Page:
Local sport radio talk-show host Michael Felger likes to ask "What are we trying to do here?" whenever means and ends don't seem to be aligning. The recent commentary on Mitch Daniels' refusal to focus on right-to-work legislation in the face of a walkout by Indiana's Democratic state reps has me asking the same thing. So here are some points,
1. This isn't about public employee unions. As Avik Roy pointed out, Daniels has already ended collective bargaining for state employees and his proposed education bill would curtail collective bargaining for teachers along lines similar to Scott Walker's, while vastly expanding school choice.
2. This line from NRO's The Corner comments is very interesting. The commenter writes in response to Daniels, " Palin 2012 The lady knows how to fight" What does this mean? As governor, Daniels has slashed spending, instituted market-oriented health care reforms, signed pro-life legislation, taken on the public employee unions, and won a fight for a cap on property taxes in the Indiana state constitution. Now, in the second half of his second term, he is working for a radical right-leaning education reform plan. To the extent that "fighting" figures of speech have a place in our democratic politics, hasn't Daniels not only fought but also won the kinds of major substantive victories that have been all too rare on the center-right? What are we trying to do here?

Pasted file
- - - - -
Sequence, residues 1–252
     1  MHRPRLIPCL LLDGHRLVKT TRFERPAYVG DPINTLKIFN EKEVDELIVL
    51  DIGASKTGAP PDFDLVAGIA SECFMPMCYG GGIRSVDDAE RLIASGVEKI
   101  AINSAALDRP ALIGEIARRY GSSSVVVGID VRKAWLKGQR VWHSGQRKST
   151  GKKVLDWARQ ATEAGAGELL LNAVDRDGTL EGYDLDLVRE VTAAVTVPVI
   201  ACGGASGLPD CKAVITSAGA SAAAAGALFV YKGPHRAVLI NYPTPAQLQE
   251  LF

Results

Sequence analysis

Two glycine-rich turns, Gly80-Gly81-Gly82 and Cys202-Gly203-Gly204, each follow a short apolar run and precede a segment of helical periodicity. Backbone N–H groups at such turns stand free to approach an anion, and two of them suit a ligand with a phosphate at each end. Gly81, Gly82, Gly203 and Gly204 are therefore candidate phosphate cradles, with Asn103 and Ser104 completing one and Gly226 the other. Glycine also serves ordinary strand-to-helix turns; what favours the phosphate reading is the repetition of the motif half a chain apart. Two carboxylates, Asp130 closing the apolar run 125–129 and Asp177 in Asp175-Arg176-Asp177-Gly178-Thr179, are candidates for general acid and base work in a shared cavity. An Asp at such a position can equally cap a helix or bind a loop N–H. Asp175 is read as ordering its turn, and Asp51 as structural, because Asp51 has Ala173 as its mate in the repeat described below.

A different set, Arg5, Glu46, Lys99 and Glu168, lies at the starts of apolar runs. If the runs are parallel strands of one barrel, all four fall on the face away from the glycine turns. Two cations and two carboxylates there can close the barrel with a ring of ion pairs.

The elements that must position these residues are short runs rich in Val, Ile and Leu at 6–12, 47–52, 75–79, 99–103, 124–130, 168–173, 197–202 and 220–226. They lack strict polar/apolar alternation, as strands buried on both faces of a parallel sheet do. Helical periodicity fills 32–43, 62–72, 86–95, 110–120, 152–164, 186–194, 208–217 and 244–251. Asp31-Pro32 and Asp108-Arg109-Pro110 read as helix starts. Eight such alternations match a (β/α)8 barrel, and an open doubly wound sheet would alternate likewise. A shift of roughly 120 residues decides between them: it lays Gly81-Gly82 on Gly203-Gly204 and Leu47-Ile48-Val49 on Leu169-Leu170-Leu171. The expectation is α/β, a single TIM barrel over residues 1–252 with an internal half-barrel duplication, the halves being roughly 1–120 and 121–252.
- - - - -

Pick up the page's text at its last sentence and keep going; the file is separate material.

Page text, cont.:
3. But I do think that the commenter is getting at something important in our political culture. Even though Palin never turned Alaska into a right-to-work state, and Alaska state employees are unionized, she is able to stir the US vs. THEM emotions of many conservatives. She might not have instituted an HSA/catastrophic coverage program but she wrote about death panels. She fights. This reminds of how some liberals responded to Howard Dean. He wasn't much more liberal than your average Democratic presidential contender (in some ways he was less liberal), but he gave many liberals the sense that he shared their frustrations and their contempt for President Bush. That created a powerful bond for a while, but it also limited his appeal beyond his largely white upper middle-class liberal base. Palin has a wider base, but the point isn't Palin or Daniels or anybody else. It is that any conservative who wants to get elected President in 2012 will have to engage conservatives not only on substance, but by appealing to their sentiments. There is more than one way to do this. Obama appealed to the sentiments of liberals even more strongly than Dean, but he was far less alienating to persuadable. The trick for a reformist conservative presidential candidate will be to be able to speak movingly to conservatives and persuadables at the same time about the kinds of policy changes we need. This politician would have to be an authentic conservative without seeming like a rightworld provincial. Those are some choppy cultural waters to navigate, but it isn't impossible. Chris Christie is one example of how to do it and Bob McDonnell is another - though I think they would both run into some authenticity issues of their own if they ran for President. Maybe Daniels will be able to do that if he runs for President and gets into campaign mode rather than pass major legislative priorities mode (and let's not dismiss the possibility that getting the most possible good policy right now might end up being good politics in the end.) Maybe he won't. But if we are going to get the kind of reforms we need to avert either a debt crisis or the emergency imposition of social democratic policies or both, we are going to need a conservative politics that is both substantive and populist, and that has intense appeal to self-described conservatives while being attractive to persuadables.. So that is something for Daniels (or Christie or Rubio, or whoever) to think about.